• 35. Advanced Types: Regular Expressions<br />Type: Regex introduces well-known regular expressions<br />Page 30<br />With this syntax strings remain formatted as specified and escape sequences are not required<br />object RegDemo {<br /> def main(args:Array[String]) {<br />val pattern = &quot;&quot;&quot;dd.dd.dddd&quot;&quot;&quot;.r<br />val sentence = “X was born on 01.01.2000 ?&quot;<br />println (pattern findFirstIn sentence) // =&gt; Some(01.01.2000)<br /> }<br />}<br />Note: the „r“ in “““&lt;string&gt;“““.r means: regular expression<br />
  • 36. Advanced Types: Tuples<br />Tuples combine fixed number of Elements of various types<br />Thus, you are freed from creating heavy-weight classes for simple aggregates<br />Page 31<br />println( (1, &quot;Douglas Adams&quot;, true) )<br />def goodBook = {<br />(&quot;Douglas Adams&quot;, 42, &quot;Hitchhiker&apos;s Guide&quot;)<br />} <br />println ( goodBook._3 ) // get third element<br />// =&gt; (1, Douglas Adams, true)<br />// =&gt; Hitchhiker‘s Guide<br />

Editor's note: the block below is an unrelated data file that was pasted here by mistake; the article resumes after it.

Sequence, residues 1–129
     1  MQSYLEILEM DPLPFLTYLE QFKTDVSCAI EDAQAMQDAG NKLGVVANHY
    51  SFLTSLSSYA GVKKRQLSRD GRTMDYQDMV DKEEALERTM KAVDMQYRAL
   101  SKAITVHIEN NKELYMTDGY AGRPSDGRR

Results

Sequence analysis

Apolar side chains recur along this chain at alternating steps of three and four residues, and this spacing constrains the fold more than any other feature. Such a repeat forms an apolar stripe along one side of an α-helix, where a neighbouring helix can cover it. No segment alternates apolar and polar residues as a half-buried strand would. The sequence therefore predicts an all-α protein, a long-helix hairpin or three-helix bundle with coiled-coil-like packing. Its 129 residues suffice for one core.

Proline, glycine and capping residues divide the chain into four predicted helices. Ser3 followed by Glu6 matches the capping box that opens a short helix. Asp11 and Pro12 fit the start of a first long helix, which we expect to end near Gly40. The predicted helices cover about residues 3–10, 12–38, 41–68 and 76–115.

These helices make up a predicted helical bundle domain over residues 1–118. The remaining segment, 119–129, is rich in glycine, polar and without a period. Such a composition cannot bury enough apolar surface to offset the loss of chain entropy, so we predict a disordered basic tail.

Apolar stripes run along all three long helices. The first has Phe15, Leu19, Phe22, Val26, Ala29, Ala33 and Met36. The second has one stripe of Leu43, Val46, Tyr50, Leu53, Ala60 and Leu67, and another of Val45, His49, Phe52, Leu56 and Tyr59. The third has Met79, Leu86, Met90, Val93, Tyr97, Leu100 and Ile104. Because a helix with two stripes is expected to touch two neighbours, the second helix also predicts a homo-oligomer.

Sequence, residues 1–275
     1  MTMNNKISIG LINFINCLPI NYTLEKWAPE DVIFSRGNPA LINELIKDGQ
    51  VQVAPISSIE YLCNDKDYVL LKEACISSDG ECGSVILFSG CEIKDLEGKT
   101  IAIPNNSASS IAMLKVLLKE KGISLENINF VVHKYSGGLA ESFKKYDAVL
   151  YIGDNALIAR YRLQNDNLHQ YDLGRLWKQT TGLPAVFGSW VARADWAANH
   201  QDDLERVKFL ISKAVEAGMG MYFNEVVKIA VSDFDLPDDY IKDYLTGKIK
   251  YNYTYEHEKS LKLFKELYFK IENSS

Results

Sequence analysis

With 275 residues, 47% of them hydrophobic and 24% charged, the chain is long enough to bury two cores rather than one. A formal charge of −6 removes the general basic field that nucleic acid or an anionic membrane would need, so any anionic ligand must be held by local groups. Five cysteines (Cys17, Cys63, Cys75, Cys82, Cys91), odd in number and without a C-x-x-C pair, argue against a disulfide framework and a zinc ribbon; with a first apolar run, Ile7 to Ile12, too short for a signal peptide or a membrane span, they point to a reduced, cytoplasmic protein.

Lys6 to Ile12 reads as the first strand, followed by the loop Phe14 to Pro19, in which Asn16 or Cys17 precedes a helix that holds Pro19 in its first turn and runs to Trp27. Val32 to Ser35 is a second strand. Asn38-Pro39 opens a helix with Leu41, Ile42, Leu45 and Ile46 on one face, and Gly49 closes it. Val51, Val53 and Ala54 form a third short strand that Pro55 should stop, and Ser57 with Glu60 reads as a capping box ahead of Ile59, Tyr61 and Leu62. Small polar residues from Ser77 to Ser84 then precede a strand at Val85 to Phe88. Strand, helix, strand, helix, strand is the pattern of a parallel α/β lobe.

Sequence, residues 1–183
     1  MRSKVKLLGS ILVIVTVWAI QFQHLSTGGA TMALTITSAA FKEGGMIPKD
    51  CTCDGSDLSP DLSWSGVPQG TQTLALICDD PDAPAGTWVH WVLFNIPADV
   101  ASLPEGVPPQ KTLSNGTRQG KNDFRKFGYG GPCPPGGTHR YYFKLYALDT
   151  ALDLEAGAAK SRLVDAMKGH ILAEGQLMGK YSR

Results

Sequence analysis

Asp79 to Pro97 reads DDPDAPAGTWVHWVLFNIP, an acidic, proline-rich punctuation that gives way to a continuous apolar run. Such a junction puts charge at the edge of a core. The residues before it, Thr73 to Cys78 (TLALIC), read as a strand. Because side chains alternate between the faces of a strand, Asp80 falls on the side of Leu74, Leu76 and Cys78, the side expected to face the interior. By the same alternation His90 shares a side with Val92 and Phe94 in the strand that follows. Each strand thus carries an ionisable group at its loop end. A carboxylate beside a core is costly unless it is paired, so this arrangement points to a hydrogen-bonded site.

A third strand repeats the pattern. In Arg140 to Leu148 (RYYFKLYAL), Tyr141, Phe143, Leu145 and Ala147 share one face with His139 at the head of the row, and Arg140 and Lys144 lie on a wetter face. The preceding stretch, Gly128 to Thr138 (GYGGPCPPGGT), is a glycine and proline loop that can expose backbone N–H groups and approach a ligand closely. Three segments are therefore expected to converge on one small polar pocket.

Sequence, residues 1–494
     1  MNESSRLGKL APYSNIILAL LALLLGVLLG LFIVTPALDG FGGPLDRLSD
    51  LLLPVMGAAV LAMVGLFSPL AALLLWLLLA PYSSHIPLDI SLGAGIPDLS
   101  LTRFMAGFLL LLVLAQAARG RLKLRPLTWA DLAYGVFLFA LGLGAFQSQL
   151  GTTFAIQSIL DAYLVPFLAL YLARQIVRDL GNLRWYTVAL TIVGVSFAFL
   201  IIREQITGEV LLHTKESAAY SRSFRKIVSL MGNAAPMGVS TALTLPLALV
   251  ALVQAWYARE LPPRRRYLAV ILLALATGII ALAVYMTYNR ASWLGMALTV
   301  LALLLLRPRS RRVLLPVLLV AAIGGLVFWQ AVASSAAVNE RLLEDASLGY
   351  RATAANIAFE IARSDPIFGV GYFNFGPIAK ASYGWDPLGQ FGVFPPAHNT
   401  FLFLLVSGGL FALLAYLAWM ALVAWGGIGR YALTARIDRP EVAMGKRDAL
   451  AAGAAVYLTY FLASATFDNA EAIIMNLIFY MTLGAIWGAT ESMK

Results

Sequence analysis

• 37. Advanced Types: Arrays<br />Arrays hold sequences of elements<br />Access very efficient<br />Page 32<br />val a1 = new Array[Int](5) // initialized with zeros <br />val a2 = Array(1,2,3,4,5) // initialized with 1,2,3,4,5<br />println( a2(1) ) // =&gt; 2<br />a2(1) = 1 // =&gt; Array (1,1,3,4,5)<br />Note:<br />In Scala the assignment operator = does not return a reference to the left variable (e.g., in a = b).<br />Thus, the following is allowed in Java but not in Scala: a = b = c <br />